It’s already well known that the initial proposals for the House of Lords – at least in the draft bill - are for only an 80 per cent elected upper chamber. The other 20 per cent would still be appointed. Nick Clegg is also proposing 100 per cent, in a parallel white paper, and hopes that he can get consensus to switch the 80 to 100 in time.
But this still ignores the fact that there will be 12 bishops in the senate (or whatever it will be called), which many people will see as an anachronism.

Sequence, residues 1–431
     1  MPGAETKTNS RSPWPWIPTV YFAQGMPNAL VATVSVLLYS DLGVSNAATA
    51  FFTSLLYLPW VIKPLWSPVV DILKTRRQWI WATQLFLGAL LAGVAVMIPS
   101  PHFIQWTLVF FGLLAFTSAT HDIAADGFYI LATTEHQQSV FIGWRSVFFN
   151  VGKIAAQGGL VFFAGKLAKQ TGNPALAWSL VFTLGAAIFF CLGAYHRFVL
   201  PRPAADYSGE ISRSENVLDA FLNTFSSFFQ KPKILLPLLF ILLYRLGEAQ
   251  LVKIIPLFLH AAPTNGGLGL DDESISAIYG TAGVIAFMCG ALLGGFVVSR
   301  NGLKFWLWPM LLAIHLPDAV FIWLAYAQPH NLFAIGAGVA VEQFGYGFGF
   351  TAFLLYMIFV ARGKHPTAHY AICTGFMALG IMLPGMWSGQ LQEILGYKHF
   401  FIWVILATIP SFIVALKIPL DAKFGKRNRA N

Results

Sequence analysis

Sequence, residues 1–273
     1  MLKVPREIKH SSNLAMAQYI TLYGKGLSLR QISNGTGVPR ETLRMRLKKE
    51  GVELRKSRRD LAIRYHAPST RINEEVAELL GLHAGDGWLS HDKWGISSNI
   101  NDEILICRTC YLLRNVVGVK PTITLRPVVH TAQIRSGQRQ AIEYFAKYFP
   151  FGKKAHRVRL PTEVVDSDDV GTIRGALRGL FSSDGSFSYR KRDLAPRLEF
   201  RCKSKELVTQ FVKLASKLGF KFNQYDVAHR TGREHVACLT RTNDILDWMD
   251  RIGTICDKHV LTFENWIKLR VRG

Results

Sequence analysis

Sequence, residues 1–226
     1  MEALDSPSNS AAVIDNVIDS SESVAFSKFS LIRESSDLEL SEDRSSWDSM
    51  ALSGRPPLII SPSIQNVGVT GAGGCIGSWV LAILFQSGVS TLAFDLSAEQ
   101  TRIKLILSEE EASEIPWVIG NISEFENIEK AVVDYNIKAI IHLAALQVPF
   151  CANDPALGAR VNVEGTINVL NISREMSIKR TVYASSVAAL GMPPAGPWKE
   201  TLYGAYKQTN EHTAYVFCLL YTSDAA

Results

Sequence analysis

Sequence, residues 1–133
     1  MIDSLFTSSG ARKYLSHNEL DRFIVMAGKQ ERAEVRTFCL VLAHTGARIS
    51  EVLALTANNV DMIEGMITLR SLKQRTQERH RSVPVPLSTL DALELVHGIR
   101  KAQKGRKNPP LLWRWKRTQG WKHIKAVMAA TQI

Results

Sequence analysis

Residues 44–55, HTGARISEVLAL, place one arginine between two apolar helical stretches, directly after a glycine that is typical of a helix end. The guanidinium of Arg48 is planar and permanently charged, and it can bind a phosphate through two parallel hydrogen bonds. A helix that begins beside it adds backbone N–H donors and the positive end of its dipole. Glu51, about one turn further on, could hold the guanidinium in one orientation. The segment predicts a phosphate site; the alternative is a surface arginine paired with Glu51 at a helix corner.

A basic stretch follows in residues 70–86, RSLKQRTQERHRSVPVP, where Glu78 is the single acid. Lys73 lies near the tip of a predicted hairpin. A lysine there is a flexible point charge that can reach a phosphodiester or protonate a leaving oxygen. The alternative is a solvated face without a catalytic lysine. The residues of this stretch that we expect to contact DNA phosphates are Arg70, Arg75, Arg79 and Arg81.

Also, it has just emerged in the chamber, prime ministers will retain the right to appoint unelected people into the senate as ministers, in the way that Gordon Brown plucked the likes of Digby Jones and Lord Darzai and gave them seats in Parliament. They will only remain peers for the duration of their time in government, however.
Incidentally, Clegg is making a good fist of his speech, although many of his comments are being booed or jeered in the chamber; a prelude to the anti-reform resistance he will meet from both sides of the House of Commons.